Sidenote: If you are an avid couponer, be sure to consider them when preparing your shopping list. If they work for you, please do use them and consider how to incorporate the items into your meal plan!
Despite what you might see on the Food Network or while scrolling through Pinterest, putting together a decent meal doesn’t have to involve hours in the kitchen or the purchase of fancy ingredients that you’ll probably only use once. Instead, you can prepare simple dishes that your family will love by finding recipes that don’t require more than a handful of ingredients.
One of my all-time favorites is crock pot recipes. So simple, yet so filling!
A quick Google search of crock pot recipes will uncover endless possibilities. For bonus points, search based on what you have available in your fridge, freezer, or pantry. For example, if you have chicken breast in your freezer and cream of mushroom soup in the pantry, search for crock pot recipes with those items and see what options are available. Chance are, you won’t need to buy many additional ingredients and the result will produce one -- possibly two -- meals for that week.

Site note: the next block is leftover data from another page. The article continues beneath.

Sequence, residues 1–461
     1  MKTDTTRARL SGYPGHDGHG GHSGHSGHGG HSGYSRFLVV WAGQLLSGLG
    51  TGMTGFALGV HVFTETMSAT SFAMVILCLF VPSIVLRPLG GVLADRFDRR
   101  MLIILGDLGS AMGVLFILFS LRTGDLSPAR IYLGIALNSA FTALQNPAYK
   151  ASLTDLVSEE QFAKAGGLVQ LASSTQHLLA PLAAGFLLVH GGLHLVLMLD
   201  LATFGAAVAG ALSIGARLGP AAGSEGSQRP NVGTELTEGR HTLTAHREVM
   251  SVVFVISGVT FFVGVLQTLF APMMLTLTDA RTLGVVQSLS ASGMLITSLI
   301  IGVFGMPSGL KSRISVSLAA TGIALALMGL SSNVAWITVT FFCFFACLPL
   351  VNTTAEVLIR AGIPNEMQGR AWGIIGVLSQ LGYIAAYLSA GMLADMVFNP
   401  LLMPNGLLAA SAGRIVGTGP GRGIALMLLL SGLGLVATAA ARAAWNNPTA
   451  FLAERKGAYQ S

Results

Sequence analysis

Another one of my favorites is freezer meals. These are great for families that are constantly on the go and don’t have the option to fully cook meals in the evening. You simply prepare your fresh meal ingredients in advance and pop it in the freezer. Just be sure to defrost it in the morning by putting it in the refrigerator, and you can cook your family a healthy dinner in short order. If you can find several easy recipes with similar ingredients, you can save money by buying in bulk and save time by preparing them all at the same time.